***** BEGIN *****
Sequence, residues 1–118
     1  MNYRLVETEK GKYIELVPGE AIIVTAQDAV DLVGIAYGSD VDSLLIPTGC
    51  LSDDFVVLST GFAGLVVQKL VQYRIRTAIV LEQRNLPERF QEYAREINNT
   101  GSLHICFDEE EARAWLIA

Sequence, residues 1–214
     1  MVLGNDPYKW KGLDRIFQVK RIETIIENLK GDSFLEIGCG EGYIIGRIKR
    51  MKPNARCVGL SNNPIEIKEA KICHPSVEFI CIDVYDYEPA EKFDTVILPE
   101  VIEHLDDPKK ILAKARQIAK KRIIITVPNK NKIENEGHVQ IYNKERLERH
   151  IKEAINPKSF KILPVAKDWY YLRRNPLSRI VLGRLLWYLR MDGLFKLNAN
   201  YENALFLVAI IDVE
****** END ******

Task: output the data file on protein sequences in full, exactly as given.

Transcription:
Sequence, residues 1–118
     1  MNYRLVETEK GKYIELVPGE AIIVTAQDAV DLVGIAYGSD VDSLLIPTGC
    51  LSDDFVVLST GFAGLVVQKL VQYRIRTAIV LEQRNLPERF QEYAREINNT
   101  GSLHICFDEE EARAWLIA

Sequence, residues 1–214
     1  MVLGNDPYKW KGLDRIFQVK RIETIIENLK GDSFLEIGCG EGYIIGRIKR
    51  MKPNARCVGL SNNPIEIKEA KICHPSVEFI CIDVYDYEPA EKFDTVILPE
   101  VIEHLDDPKK ILAKARQIAK KRIIITVPNK NKIENEGHVQ IYNKERLERH
   151  IKEAINPKSF KILPVAKDWY YLRRNPLSRI VLGRLLWYLR MDGLFKLNAN
   201  YENALFLVAI IDVE